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I know it was a great scene and established where the Dr. came from but it wasn't really necessary. If you take that scene out, Bane's first reveal is in the sewer. Was the opening plane scene an added action sequence to start the movie with a bang rather than a speech about Dent?

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3 Answers 3

MAJOR SPOILERS AHEAD

Imagine it's a week before the opening scene. Bane is scheming on how to destroy Gotham, learns of Wayne's fusion reactor/neutron bomb via Miranda/Talia, and decides it will be his main device to hold Gotham in fear while he lets them destroy themselves from the inside.

Sinister, indeed.

Bane also comes to learn Dr. Pavel is the only living person who can defuse this bomb. He feels it will be easier to capture Pavel earlier than later; that way no one will be able to call on Pavel in Gotham's upcoming dire moment of need. (It's likely at this point that Bane already had some plan to fake Pavel's death, albeit in a less grandiose way than what he ends up having to do.)

But wait. Uh-oh. The CIA is looking for Pavel too! Bane and his men quickly adapt to this new information. Little does the CIA know that the man bringing Dr. Pavel in is actually Bane's top lieutenant, injected into the operation by Bane when he realized the CIA might capture Pavel first, severely diminishing the chances for his operation's success.

Now we're at the opening scene. Bane and his militia don hoods and fake their own capture, and Bane's lieutenant hands off Pavel to the CIA. In this dialogue, we hear Bane's lieutenant explain, "They were trying to rack a price [on Pavel]. They worked for the Masked Man [Bane]." The CIA agent, being the smart cookie he is, realizes he has an opportunity to track down a lead on Bane, probably hoping to eventually capture him. Little does he know that the hooded men are actually Bane and his militia, who have anticipated his wanting to board them on the plane after hearing such a juicy tidbit.

This is where things start to go sour for our poor CIA agent.

Some more of Bane's militia now take control of the CIA's plane from the outside, necessary for two reasons:

  1. Bane and his men would not have been able to get weapons on-board otherwise.
  2. Bane still needs the rest of the world to not be looking for Pavel. He still needs to fake Pavel's death. Thus, he brings a recently-deceased body on board and transfuses some amount of Dr. Pavel's blood into the dead body.

Bane now breathes a huge sigh of relief. He can rest easy knowing that when the plane goes down, a body containing Dr. Pavel's blood signature will go down with it, thus tricking whatever poor sap has to investigate the plane wreckage into thinking Pavel went down with the plane.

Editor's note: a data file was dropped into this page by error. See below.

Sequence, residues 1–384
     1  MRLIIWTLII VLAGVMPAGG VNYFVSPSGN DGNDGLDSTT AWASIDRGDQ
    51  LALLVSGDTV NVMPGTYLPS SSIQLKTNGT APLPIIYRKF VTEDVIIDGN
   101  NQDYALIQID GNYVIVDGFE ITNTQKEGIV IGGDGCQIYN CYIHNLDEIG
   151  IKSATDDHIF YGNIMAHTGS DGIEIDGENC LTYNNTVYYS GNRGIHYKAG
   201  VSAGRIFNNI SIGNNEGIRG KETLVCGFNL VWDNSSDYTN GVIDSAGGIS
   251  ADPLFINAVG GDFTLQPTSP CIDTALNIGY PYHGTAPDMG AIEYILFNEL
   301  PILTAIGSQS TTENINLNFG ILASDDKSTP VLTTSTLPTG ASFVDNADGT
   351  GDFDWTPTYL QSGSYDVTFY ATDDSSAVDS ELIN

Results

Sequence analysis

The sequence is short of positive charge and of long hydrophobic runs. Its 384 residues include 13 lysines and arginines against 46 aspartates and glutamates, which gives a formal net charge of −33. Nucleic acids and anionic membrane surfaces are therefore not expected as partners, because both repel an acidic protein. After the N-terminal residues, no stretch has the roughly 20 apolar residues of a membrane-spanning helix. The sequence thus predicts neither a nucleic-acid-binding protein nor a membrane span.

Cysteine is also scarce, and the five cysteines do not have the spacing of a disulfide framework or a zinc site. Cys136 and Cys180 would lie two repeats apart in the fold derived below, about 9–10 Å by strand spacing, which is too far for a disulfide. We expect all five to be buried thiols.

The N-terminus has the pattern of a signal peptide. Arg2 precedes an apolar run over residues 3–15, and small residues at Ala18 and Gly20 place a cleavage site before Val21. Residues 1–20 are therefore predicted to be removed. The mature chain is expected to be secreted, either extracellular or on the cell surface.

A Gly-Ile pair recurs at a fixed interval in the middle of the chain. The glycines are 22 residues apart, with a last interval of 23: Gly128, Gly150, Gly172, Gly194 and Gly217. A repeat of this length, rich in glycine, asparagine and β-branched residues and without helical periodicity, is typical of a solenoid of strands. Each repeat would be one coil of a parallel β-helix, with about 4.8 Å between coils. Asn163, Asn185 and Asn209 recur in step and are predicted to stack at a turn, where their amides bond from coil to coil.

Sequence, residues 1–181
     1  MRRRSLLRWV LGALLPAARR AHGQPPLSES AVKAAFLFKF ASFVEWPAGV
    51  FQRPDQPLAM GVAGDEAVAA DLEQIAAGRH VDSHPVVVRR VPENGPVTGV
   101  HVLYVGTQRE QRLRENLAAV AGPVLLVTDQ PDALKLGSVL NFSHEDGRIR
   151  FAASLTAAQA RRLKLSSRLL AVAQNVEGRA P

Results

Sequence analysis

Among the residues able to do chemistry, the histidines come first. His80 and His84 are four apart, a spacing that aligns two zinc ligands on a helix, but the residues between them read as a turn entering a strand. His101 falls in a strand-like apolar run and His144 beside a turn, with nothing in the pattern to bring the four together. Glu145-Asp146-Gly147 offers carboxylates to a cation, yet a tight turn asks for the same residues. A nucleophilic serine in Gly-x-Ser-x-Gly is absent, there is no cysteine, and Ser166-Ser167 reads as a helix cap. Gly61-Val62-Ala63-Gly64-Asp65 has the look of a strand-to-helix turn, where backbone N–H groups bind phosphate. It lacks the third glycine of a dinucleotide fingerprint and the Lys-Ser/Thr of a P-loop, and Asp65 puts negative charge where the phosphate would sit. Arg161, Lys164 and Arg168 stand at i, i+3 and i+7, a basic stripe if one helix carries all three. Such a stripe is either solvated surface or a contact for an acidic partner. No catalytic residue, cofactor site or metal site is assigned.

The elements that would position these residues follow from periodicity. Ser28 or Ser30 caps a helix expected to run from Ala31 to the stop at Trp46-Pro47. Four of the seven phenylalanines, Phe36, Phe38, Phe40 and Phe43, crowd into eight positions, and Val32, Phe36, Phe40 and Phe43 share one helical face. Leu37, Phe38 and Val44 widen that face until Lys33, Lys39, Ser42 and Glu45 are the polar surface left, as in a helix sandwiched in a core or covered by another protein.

The only remaining task: make sure Pavel stays alive. Bane grabs a hold of Pavel, fastens him securely to the rope extending from Bane's plane, and, just before releasing the CIA's plane from any further duty, assuages Pavel's concerns:

Calm down doctor, now is not the time for fear. That comes later.

tl;dr: This scene was necessary because it foreshadowed later events.

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1  
+1 Great write-up! –  TylerShads Jul 29 '12 at 18:45
    
Great answer, and answered the one question I had (the blood transfusion). –  DisgruntledGoat Jul 29 '12 at 19:12
    
Except they retrieved Pavel to make the bomb in the first place. One would also assume that the broad strokes of the plan were Talia's not Bane's (although she probably told him 'fake Pavel's death', not 'take this other airplane, see...') –  Clockwork-Muse Jul 30 '12 at 17:03

Also, it brings up the theme of intentionally being captured. Bane was intentionally being captured so as to have access to Dr. Pavel. Later on in the third act, Bruce gets intentionally captured so as to have Lucious Fox access R&D, and then Selina Kyle saves him.

In 'The Dark Knight' the Joker is also intentionally captured so he can help Lau escape and access all the mob's money. Perhaps a coincidence, but as we just learned, we're not allowed to believe in coincidences anymore.

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Notably the plane scene was screened as a special prologue "before Mission Impossible: Ghost Protocol on only 70mm IMAX theaters." (source)

Perhaps the filmmakers had the plane scene in mind for somewhere more toward the middle of the movie (where I think it would seem to fit more neatly) but then found a way to make it work as the opening scene so they could release it as the prologue mentioned above.

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